Several players that qualify the French Open as their home tournament, have made it past the first few round of tennis; the French supporters have come out in hordes, and with soccer chants to boot. In addition, the organisers have scheduled the matches in such a fashion that the matches of the top French players have often been the most high-profile of their time slots, thereby ensuring the French players receive TV coverage all over the world. Looking after their own is an attribute the French certainly deserve, and as a result the French rank sixth on this list.
The Babolat tennis balls being used for the first time at Roland Garros make the list. They are apparently faster, harder and clearly advantage the hard-hitting players in the game. Criticism of the decision to change the balls have been widely received from players. Roger Federer has made it clear that it is not so much these balls specifically, but rather the fact that all the tournaments in the lead-up to the French use different one’s – the Dunlop balls previously in use at Roland Garros, meaning a transition is required. This is not ideally suited to the players of course. The attention that the tennis balls, and the knock which Babolat have taken as a result, qualifies for this list in fifth position.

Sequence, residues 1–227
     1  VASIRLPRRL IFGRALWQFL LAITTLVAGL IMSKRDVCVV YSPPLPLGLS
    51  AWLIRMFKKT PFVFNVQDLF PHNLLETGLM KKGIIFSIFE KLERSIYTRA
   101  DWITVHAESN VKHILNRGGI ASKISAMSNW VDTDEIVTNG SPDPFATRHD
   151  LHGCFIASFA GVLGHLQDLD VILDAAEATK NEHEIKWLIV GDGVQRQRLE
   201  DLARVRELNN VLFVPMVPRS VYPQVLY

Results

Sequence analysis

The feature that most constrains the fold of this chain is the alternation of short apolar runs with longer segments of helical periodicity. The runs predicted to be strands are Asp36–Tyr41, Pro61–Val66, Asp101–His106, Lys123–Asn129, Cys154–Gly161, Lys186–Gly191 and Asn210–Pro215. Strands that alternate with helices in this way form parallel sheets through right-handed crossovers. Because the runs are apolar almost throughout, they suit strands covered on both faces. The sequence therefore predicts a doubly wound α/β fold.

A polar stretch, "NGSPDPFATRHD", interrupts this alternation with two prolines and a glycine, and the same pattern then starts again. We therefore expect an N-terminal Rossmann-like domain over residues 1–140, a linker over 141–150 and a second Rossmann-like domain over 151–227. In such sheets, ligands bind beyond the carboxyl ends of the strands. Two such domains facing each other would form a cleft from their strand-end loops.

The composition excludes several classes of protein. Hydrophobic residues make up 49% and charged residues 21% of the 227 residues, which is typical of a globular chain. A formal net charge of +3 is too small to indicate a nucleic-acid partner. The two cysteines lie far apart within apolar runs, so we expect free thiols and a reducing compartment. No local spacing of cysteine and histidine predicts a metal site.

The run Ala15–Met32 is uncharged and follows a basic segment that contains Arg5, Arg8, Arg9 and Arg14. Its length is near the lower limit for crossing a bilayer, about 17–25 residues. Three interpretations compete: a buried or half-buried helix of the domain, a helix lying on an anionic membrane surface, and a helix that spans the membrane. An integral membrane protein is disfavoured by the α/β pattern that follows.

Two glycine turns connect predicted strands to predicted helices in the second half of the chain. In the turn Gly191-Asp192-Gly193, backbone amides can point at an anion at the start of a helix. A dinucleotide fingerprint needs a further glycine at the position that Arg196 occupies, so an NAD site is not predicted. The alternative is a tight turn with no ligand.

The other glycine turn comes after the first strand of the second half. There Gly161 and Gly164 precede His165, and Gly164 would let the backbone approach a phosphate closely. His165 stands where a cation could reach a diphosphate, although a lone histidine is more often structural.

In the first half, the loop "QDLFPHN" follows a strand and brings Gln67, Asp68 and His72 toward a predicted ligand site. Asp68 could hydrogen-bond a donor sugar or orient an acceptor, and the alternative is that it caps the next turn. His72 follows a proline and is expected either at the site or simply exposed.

The manner in which Federer and Novak Djokovic have won their matches at the French thus far, leads to the pair making the list at number four. Both have been incredibly efficient and have sent a clear message that the King of Clay, Rafael Nadal, might be dethroned for the 2nd time in three years at RG. Djokovic with his 40+ match winning streak is of course expected to perform in the manner that he has, it is the play of Federer that has surprised the many who have written of the 16-time grand slam winner.